Towards the end of September 2018 Facebook revealed it had been the victim of a hack which they initially thought affected 50 million users, but after investigations said only about 30 million Facebook users were affected by the security breach. The hackers apparently managed to access user access tokens of initially 400,000 Facebook users which allowed them to control their accounts and those of "Friends of Friends."

This was possible thanks to a security flaw in Facebook's "View As" feature which allows users to see what their own profile would look like to someone else.

"People’s accounts have already been secured by the action we took two weeks ago to reset the access tokens for people who were potentially exposed—no one needs to log out again, and no one needs to change their password. We’ll be explaining what information the attackers may have accessed as well as steps they can take to help protect themselves from any suspicious emails or text messages or calls that could potentially result from this kind of information being exposed," said Guy Rosen, Vice President of Product Management at Facebook.

Given how the hack worked, there were fears that it also affected 3rd party apps that use the "Log in with Facebook" feature as well. However, the social media platform reported that during its investigations 3rd party apps didn't seem to be affected.

How to check if you were hacked

Starting mid-October 2018, Facebook started publishing a customized message into some users News Feeds who were part of the 30 million accounts that were hacked. The message will vary for different users depending on how they were hacked and what information was accessed.

If you have yet to see such a message on your Facebook News Feed and want to check if you were affected, and how you were affected, by the hack then there is another way to check.

You need to first log in to Facebook and then go to this page. The first few paragraphs will provide you with some background information about the security breach and as you scroll down you will come across a section that reads Is my Facebook account impacted by this security issue? Below that heading, if you are not affected, you will see a message that says:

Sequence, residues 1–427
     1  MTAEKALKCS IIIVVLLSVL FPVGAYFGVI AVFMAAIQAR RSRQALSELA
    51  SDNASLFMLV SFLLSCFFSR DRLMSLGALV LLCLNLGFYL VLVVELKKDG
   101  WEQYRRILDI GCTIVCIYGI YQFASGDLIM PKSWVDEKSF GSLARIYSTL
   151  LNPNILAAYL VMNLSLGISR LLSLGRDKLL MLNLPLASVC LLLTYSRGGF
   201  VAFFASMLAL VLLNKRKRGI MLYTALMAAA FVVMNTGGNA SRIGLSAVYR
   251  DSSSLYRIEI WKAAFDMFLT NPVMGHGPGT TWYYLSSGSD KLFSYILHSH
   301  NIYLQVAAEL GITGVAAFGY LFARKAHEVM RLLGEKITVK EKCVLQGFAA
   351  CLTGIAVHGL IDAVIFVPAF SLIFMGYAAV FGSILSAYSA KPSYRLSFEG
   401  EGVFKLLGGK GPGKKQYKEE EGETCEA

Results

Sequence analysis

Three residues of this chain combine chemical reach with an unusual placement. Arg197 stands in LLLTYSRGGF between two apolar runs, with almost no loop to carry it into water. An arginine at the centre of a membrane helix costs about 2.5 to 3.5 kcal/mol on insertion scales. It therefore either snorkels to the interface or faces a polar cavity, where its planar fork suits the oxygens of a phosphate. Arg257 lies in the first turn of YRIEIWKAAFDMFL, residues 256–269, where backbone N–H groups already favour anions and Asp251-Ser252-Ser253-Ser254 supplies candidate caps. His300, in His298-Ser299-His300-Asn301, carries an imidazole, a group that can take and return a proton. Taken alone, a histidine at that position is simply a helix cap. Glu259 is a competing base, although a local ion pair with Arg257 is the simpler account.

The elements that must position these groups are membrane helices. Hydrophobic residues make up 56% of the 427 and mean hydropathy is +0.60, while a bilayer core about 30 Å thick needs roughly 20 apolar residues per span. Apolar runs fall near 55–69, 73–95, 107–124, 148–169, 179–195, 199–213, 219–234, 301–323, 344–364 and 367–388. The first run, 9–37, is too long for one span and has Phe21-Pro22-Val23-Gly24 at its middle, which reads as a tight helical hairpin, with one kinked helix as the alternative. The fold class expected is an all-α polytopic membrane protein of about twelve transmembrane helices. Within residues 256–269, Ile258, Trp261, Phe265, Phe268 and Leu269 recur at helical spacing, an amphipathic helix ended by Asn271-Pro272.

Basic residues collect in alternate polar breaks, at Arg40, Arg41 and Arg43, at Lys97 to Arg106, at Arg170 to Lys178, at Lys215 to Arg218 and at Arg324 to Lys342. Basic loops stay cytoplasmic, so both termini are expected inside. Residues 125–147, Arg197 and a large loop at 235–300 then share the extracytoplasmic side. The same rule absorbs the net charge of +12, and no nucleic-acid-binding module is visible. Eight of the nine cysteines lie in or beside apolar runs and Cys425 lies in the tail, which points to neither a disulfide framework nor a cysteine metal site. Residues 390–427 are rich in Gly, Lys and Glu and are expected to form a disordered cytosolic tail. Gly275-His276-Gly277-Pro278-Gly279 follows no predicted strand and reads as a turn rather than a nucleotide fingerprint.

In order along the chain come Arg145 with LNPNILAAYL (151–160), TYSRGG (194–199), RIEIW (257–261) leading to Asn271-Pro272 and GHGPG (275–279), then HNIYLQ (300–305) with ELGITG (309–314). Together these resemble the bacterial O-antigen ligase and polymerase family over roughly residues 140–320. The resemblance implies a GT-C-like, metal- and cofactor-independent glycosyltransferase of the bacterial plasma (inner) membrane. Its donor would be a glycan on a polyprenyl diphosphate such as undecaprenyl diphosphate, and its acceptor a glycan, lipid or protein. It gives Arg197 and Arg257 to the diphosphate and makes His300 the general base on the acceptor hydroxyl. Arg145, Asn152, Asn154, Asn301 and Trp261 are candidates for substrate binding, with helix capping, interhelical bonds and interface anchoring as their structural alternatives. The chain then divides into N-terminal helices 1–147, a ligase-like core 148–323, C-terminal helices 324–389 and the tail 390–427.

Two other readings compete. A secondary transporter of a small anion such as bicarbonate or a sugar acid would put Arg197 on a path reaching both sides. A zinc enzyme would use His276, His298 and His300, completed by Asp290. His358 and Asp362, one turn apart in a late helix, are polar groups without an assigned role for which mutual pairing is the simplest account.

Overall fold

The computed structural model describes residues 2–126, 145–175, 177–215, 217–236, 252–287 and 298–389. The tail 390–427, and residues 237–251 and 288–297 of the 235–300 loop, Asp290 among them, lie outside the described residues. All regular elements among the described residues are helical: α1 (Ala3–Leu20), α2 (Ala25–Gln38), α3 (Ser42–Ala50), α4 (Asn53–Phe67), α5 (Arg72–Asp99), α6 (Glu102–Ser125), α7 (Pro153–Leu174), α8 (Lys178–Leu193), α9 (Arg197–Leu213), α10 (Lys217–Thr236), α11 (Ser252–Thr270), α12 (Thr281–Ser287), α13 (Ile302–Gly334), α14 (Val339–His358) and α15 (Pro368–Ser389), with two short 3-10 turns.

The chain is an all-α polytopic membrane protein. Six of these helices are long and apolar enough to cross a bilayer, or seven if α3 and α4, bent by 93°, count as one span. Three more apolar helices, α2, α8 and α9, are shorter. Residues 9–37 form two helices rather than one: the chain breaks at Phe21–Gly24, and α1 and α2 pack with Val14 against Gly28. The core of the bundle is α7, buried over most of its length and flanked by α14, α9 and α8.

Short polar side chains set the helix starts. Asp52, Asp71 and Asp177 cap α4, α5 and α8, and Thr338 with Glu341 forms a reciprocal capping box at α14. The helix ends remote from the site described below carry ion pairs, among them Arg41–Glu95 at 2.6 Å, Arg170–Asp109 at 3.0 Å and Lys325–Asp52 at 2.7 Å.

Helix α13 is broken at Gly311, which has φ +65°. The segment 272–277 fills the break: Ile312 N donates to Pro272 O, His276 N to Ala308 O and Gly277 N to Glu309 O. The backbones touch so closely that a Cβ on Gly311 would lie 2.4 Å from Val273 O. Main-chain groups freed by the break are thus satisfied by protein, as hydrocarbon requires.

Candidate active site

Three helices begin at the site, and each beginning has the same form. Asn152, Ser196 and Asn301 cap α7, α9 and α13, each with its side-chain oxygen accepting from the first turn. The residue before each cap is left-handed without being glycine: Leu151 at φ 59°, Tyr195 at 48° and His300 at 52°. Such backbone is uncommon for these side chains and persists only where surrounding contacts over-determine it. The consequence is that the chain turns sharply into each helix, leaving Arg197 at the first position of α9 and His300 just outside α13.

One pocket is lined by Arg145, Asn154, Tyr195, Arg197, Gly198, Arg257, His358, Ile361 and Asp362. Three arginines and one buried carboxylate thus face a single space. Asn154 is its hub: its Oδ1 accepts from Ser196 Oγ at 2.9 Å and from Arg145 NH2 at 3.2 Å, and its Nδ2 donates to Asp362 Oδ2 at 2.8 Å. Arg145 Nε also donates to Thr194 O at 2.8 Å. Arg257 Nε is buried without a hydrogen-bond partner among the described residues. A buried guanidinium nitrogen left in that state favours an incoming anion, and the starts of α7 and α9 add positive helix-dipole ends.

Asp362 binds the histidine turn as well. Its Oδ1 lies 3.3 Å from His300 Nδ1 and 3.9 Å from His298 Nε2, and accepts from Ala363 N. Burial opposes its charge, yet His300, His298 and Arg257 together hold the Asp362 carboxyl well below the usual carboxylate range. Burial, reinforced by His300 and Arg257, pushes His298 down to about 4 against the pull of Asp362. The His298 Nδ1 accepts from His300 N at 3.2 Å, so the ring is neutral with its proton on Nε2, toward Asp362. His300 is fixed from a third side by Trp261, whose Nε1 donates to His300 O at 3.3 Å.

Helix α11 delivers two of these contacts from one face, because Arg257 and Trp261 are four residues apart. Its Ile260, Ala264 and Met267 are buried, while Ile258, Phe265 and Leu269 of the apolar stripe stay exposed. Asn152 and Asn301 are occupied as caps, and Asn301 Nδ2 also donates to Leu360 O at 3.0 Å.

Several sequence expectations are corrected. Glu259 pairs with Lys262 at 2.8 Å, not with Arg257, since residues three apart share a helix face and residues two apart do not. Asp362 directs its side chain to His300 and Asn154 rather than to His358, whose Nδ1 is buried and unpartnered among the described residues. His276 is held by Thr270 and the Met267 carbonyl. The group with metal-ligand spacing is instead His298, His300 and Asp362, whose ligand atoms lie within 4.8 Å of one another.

"Based on what we've learned so far, your Facebook account has not been impacted by this security incident. If we find more Facebook accounts were impacted, we will reset their access tokens and notify those accounts."

This message will also appear for the 1 million Facebook users whose access tokens were hacked but none of their data was accessed or taken.

For the remaining users who were affected by the hack, 15 million had their full name, e-mail address, and listed phone number accessed by the hackers. While the other 14 million Facebook users saw the hackers access, over and above their basic information, their Facebook username, gender, locale/language, relationship status, religion, hometown, self-reported current city, birthdate, device types used to access Facebook, education, work, the last 10 places they checked into or were tagged in, website, people or Pages they follow, and the 15 most recent searches.

How to protect yourself

As a result of this Facebook hack, like with any hack involving the access of personal information, it is important to be alert to any phishing attempts. Given that in some cases hackers might have your personal details, the phishing attempts could appear legitimate and entice you by first establishing trust through stating some information they already know about you.

Facebook has said that it has reset the access tokens of all the affected users, however, as an added layer of caution you probably should change your Facebook password as well.


Cover image credit: Mark Zuckerberg speaking at Facebook's F8 developer conference.